Regulatory Issues Highlight Farm Forum
Delegate Paul Stull and County Commissioner Mike Cady co-sponsored a Farm Forum at Libertytown Fire Hall on Saturday, October 25.
The catalyst for the forum was Planning Commissioner Fern Hines, who asked Mr. Cady what he had done for farmers since he was elected. His response was, “Nothing.” And then he called Delegate Stull.
There were a number of challenges that came out of this meeting.
State and county laws and regulations were a common theme across the agenda.
John Fieseler, Frederick County Tourism Director, noted that many years ago, Maryland and Virginia both had about eight or ten wineries. Today Maryland has 12 and Virginia has 75. A lot of this can be tied to Maryland’s strict laws on the shipment of alcoholic beverages.
Another challenge was posed by Don Easterday, well-known for his preservation efforts in Frederick County. He observed that we are losing our old bank barns, so called because an embankment is used to reach the second story of the barn. Bank barns have been in use for more than 2,000 years. In Frederick County, if you want to change the use of your barn, you have to meet several land use regulations. New Hampshire has a plan that allows reuse of old barns and provides tax relief for preserving them.
Minnesota and Iowa have very strong agricultural diversity laws. Some of the things that are permitted under those laws, and that local farmers might be able to use to improve their income, are not permitted in the Frederick County Comprehensive Plan and in the Zoning Ordinance.
Several people addressed nutrient management. This program has been around for many years, though only mandatory since 1998.
Some concepts that are being investigated as possible changes to the program include changing the reporting period to the end of the year vice the beginning of the year. It is much more effective to be able to describe the weather and other problems faced by a farmer, and the solutions decided upon, at the end of the season than to try to predict what might happen and then make changes to the plan throughout the year. The generation of paperwork in this program is enormous, and farmers prefer farming to filling out government forms.
Deer management was also one of the forum’s topics. One of the things that I learned from this discussion is that while deer reproduction potential in agricultural areas is good, in urban areas, their reproduction potential is excellent. In urban areas they have a reduced mortality and a better habitat.
There are a number of reasons for deer management: vehicle collisions, crop damage, and Lyme disease, of which some deer are carriers. There are some methods of non-lethal management, such as contraception techniques, but the reality is that you cannot manage deer well without lethal means, according to George Timko, of the Maryland Department of Natural Resources. Several farmers very strongly identified bureaucratic and regulatory problems with managing the damage to their crops.
Agricultural preservation was also discussed. Former County Commissioner Richard Grossnickle observed that the goal of the state in this program is to preserve the best farmland.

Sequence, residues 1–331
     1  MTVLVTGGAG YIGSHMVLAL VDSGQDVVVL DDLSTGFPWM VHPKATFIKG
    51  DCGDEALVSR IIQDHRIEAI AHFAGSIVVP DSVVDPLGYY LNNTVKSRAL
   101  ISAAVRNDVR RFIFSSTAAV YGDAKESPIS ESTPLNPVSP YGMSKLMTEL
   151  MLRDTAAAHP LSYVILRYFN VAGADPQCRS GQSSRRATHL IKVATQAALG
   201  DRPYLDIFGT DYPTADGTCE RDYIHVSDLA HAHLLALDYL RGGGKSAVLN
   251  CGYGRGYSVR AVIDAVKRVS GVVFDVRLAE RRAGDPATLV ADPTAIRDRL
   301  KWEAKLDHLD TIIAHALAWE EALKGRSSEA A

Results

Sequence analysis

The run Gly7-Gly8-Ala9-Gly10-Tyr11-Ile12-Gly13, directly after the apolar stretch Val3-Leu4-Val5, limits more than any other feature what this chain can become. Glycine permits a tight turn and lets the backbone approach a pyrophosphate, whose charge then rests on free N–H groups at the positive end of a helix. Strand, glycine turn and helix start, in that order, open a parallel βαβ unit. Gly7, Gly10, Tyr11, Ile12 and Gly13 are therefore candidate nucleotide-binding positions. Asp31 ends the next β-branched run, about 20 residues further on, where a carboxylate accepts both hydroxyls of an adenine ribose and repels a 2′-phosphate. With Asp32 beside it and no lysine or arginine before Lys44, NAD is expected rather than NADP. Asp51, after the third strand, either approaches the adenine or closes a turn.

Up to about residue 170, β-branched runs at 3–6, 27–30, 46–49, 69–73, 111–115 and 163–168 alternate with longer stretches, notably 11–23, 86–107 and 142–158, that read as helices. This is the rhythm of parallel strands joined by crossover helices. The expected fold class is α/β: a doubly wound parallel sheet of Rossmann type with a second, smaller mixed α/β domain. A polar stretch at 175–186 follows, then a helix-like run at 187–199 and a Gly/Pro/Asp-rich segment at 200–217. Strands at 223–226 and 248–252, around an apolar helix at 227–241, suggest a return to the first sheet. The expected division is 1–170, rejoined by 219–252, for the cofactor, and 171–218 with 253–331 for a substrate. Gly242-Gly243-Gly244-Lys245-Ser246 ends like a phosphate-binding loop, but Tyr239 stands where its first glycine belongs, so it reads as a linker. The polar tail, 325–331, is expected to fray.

Sometimes, however, the program tends to preserve those farms that provide the best (lowest) bids to the state. The point was made by James Conrad, from the Maryland Department of Agriculture’s Preservation Program, that funding is an issue these days, considering the state’s current financial problems.
Frederick County has a good program for agricultural land preservation, which Tim Blaser, the County’s Agricultural Preservation administrator described.
The Citizens Zoning Review Committee’s report to the Board of County Commissioners was discussed. Chuck Fry, President of the Frederick County Farm Bureau, and CZRC member, observed that the committee had wrangled over agricultural clusters and large lot development and had come up with some solutions that may not be all that the farmers wanted but were fair all around. The CZRC report is now being reviewed by the county commissioners.
So there is a lot to do. There are state laws that need to be reviewed in the areas of nutrient management. Funding needs to be found so that agricultural preservation goals can be met. Bureaucratic entanglements must be cleared up; government employees work for the people and need to be proactively helpful in difficult situations.
At the county level, we need to prepare to look at changes to the Comprehensive and Regional Plans so that diversity in agriculture can be better achieved. The zoning law that is now being written should take this into consideration as well.
Fern Hines summed it up as only a farmer can. “In Frederick County, farmers will either get bigger, diversify, or go out of business.” Where do we go from here?
Both Mr. Stull and Mr. Cady are committed to hold future forums on at least an annual basis, but probably at a different time of year.
Also, Mr. Cady said the biggest problem he has with the forum format was too much Information and too little time for participation. Both issues will be addressed in a wrap up session to be held within the next month by the organizing committee.